The Gallery stool was a major design breakthrough when it was launched in 1998.
With striking simplicity, the properties of moulded plywood are pushed to the maximum limit to form a sculptural seating object. Hans Sandgren Jakobsen’s Gallery was originally designed in 1998 for the Copenhagen Art Association as a stool that guests could sit on while they enjoyed the art on display.
Gallery, which is still sold around the world today, is beautiful in its sculptural simplicity. Hidden behind the minimalist design, however, lies an innovative technique that has made it possible to shape standard wood veneer into several dimensions.
In Gallery, the veneer is stretched to maximum capacity, and this remarkable technological achievement has been awarded a number of design recognitions from around the world.
The sculptural stool is often seen in retail shops and private homes as an occasional seat, or even around dining tables, as Gallery was designed with standard seating height. Made in Denmark
Hans Sandgren Jakobsen
Sandgren Jakobsen’s design breakthrough happened in 1998 with his masterpiece, the highly awarded Gallery stool, developed in collaboration with Fredericia. By pushing the properties of molded plywood to the maximum limit, a sculptural and functional construction emerged.
Hans Sandgren Jakobsen was a trained cabinet-maker before he entered the Royal Danish Academy of Fine Arts - the School of Design, where he graduated in 1990. After spending a year in Japan, Hans Sandgren Jakobsen worked in Nanna Ditzel's drawing office from 1990-1997, where he learned an approach of material curiosity limit seeking.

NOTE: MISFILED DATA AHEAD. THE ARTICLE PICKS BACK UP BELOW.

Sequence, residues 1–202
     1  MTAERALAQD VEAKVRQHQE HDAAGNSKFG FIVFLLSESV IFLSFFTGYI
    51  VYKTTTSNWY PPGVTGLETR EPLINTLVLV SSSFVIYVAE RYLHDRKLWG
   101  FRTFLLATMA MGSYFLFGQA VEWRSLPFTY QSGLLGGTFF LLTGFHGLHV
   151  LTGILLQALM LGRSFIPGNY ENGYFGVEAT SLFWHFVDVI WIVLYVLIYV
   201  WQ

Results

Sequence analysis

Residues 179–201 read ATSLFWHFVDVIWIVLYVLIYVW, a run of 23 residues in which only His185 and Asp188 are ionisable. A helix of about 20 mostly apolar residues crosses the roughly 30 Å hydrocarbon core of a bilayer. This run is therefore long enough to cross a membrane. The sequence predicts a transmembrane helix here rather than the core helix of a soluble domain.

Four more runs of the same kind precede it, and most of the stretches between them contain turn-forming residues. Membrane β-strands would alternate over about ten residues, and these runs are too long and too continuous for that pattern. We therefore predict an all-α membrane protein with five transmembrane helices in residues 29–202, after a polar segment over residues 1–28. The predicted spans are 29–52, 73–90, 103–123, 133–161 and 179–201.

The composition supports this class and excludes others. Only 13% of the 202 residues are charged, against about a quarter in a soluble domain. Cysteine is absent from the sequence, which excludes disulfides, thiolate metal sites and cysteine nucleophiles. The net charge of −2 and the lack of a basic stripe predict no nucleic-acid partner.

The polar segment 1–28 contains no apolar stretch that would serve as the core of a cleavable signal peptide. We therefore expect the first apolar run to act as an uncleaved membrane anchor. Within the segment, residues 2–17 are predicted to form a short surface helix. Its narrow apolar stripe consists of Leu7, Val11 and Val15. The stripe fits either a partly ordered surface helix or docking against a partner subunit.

His 1998 Gallery Stool skyrocketed his career and already by the year 2000 - ten years after graduating- he received the Danish Furniture Prize. Today Sandgren Jakobsen works with design companies in Denmark and Japan.
With his love of brightness and simplicity, Sandgren Jakobsen firmly belongs to the Danish Scandinavian design tradition. However, like many other Danish furniture designers, Sandgren Jakobsen is also fascinated by the American Shakers and their furniture:
“Their work ethic is to make things as well as possible irrespective of budgetary constraints. I would like to be able to say that once: that I always did the best I could.”
Sandgren Jakobsen is the recipient of the 2009 Finn Juhl Architectural Prize , The2000 Furniture Prize , and the 1998 Three-Year Working Grant from the Danish Arts Foundation, along with several other grants and awards. For the Gallery stool, he received several international design awards, most notably the 2000 Good Design Award in Japan, The 1998 Forsnäs Prize, Sweden, and the 1998 Architectural Review Award for Product Excellence at Spectrum, UK.